The path to mass market high precision positioning: Page 4 of 6

November 20, 2018 //By Thomas Nigg, u-blox
The path to mass market high precision positioning
If we’re going to see fully autonomous vehicles on our roads, a number of technologies need to hit maturity and then be rolled out simultaneously. Key among them is high precision positioning capability that’s reliable, affordable and scalable.

SSR-based techniques, on the other hand, send out one stream of data that covers the full service area, and can be picked up by any rover. Thanks to this simpler communication approach, and the fact that you only need a reference station every 150-250 km, SSR is the only technique that can feasibly be used for mass market high precision positioning, including highly assisted driving.


Figure 2: These graphs show the performance improvement you get when using dual-band GNSS with SSR correction data, compared to single-band GNSS on its own.

Moreover, we’ll see even better performance as improved receiver hardware, able to pick up more data from satellites, is rolled out. Early GNSS satellites transmitted in just one frequency band. More modern ones use up to three: GPS, for example, sends out its signals in L1 (centered on 1575 MHz), L2 (1227 MHz) and L5 (1176 MHz). BeiDou and GLONASS both use L1 and L2. High precision receivers can benefit by using more than one frequency band from the same constellation, thereby significantly accelerating the speed at which they can achieve a highly precise reading. Ultimately, this results in a more robust and reliable location service.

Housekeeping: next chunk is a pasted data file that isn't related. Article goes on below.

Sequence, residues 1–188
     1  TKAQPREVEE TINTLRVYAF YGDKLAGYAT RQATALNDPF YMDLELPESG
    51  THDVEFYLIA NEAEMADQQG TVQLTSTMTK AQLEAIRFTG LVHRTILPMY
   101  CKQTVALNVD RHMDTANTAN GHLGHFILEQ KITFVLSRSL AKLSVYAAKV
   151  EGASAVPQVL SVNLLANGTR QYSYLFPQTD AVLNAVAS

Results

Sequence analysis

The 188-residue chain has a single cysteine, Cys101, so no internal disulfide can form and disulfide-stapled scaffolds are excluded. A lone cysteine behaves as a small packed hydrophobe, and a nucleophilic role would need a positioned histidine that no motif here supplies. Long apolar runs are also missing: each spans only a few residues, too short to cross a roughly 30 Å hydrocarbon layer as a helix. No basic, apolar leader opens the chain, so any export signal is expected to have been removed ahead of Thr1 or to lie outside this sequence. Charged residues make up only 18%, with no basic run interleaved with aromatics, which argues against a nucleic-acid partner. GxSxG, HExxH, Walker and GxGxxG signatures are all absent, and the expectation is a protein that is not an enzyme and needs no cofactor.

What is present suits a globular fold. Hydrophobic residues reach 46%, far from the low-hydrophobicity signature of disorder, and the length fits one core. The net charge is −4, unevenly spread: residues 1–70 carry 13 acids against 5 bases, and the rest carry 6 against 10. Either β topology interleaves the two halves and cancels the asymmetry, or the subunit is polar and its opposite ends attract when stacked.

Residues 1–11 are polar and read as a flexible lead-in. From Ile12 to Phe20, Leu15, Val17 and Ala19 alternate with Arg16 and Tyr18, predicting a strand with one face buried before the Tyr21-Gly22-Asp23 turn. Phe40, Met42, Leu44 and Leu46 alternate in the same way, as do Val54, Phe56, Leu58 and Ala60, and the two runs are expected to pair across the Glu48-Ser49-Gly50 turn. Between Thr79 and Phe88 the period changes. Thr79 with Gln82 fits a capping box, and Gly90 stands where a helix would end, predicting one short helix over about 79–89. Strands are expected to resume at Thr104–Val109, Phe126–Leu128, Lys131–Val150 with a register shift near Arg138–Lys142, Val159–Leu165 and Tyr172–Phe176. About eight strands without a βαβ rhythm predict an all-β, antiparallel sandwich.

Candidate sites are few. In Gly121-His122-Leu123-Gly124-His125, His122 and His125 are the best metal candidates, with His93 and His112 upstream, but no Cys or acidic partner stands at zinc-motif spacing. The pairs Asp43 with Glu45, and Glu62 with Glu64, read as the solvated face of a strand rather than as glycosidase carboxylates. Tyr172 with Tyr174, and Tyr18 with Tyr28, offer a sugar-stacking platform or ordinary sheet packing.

High-precision GNSS systems of the future will be made up of a range of components working together. Firstly, you’ll have the existing satellite constellations. Second, there will be the reference base stations, logging the satellite signal errors in real time. Third are the correction services, which transmit the error components, via the Internet and geostationary satellites. And fourth will be the kit in the rover devices, including dual-band GNSS receivers, a cellular modem (to pick up correction data sent over the Internet), and an L-band receiver (to collect the correction data from the geostationary satellites).

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